#IDARB Review

Ryan Bates
#IDARB Info

genre

  • Sports

players

  • 1 - 8

Publisher

  • N/A

Developer

  • Other Ocean Interactive

Release Date

  • 02/01/2015
  • Out Now

Platform

  • Xbox One

rating

One of the best things social media's given us since George Takei.

 

Ah, the Internet.What started as a cluster of Department of Defense computers now holds all the collected knowledge of the human race. The Internet has the power to bring wealth, prosperity, entertainment, education, and love to every inch of the known universe. Primarily, however, we use it for GameRevolution, cat pictures, and porn.

One day, a developer by the name of Mike Mika, who was part of a studio called Other Ocean Interactive, had a crazy idea about this Internet thing. He drew a red box. Then, he took to social media and told the Internet, “I drew a red box. What should I do with it?” The denizens of the Internet told him what to do with said red box, for if there's one thing the Internet likes better than cat pictures and porn, it's loudly shouting unfounded opinions.

Thus, Other Ocean Interactive and the Internet got together and created #IDARB, in which can most aptly be described as an Atari 2400 sports title on speed.



#IDARB, titled after the hashtag used to tag game-related posts during the indie game's development, took the ideas for features the Internet threw at it, and implemented them one by one. Remember that FBI image that used to be on all the classic arcade games? It's one of the first things you see when launching #IDARB, along with a warning that the game is only intended for use on Earth only, a “made in Oakland” image proudly displayed, and a quick instructions screen on button configuration and the note to “avoid missing goal for high score.” And this is all before the thumpin' electro soundtrack and title screen start.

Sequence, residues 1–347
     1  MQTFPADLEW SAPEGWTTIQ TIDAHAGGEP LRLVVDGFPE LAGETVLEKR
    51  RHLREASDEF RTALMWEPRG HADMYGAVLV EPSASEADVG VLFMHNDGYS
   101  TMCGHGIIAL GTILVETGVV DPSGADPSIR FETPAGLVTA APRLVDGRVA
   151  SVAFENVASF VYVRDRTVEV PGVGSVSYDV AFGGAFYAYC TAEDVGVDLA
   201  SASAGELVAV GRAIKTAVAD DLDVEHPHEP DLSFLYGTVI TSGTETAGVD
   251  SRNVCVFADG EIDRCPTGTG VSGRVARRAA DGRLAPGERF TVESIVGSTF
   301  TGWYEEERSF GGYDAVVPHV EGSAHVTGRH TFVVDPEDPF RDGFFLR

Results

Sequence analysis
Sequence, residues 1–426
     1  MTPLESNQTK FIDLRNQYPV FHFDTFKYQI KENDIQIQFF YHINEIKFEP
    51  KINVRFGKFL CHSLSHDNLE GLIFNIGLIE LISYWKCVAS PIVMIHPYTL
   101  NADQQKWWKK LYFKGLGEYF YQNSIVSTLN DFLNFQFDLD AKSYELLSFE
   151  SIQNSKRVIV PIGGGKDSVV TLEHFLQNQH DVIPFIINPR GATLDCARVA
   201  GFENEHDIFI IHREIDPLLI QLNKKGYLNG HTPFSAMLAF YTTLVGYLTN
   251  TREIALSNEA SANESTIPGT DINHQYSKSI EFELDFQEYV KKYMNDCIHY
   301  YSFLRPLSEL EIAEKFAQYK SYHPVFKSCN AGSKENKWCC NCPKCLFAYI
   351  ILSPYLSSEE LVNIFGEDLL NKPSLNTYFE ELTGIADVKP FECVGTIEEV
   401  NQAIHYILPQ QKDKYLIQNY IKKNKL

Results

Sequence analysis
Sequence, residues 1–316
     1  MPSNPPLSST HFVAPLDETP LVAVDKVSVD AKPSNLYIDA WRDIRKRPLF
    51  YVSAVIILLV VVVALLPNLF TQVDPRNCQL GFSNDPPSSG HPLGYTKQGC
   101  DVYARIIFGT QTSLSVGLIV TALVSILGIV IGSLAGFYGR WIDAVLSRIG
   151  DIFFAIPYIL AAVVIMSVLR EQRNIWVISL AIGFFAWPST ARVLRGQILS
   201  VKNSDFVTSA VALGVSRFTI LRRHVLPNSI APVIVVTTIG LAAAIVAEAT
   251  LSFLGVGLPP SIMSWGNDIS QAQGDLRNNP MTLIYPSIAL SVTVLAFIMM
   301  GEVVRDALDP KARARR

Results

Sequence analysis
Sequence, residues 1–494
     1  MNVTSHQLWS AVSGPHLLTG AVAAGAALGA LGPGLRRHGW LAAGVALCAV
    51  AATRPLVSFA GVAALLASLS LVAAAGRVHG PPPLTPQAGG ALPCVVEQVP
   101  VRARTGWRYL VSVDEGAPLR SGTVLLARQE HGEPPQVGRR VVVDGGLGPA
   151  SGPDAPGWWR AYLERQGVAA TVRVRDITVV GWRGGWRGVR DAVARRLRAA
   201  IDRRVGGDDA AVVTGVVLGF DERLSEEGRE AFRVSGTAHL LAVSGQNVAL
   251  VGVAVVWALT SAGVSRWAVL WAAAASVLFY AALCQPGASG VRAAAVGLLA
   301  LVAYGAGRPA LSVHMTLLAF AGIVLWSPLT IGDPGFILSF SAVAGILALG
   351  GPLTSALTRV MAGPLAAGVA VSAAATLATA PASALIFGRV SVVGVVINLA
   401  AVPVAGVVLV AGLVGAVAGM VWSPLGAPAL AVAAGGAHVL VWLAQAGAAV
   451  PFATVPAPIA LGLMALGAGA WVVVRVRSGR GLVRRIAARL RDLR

At its core, #IDARB is a sports game, resembling a cross between basketball and soccer. The aim is simple: grab the ball, shoot it in the goal, score points. The team with the most points after a set number of rounds wins. Sounds easy, right? Sure it does. Now imagine doing this on a field that looks less like soccer or basketball and more like an unused design from the original Mario Bros. That's right, #IDARB shamelessly throws in platforming in their sports game, and any missed shot or pass could turn the game into an imitation of a Donkey Kong Jr. speedrun at any given moment.

Players can attempt to steal the ball from those who possess it; in true Internet fashion, this is accomplished via small, loud, flashy explosions. Players can even “shake” themselves up using the right stick and release “fizz,” sending players spiraling around the court causing distraction and mayhem. Goals range from two to five points, depending on where the shot comes from, and can be multiplied for bounces and successful alley-oops.

Matches can be played one-on-one up to four-on-four, but there's always one extra entity on the court: the Internet. Here's where it really gets interesting. Every game can be influenced by people watching on Twitch or following the stream on Twitter using a unique match hashtag. You could be hustling to the goal when all of a sudden, someone launches a #bomb, blowing up the platform you're standing on. Or perhaps they'll close off the goals for a few seconds, or send crazy clowns into your match to wreak havoc. Basically, the game encourages players to troll their friends' games, which essentially personifies what the Internet is all about anyway.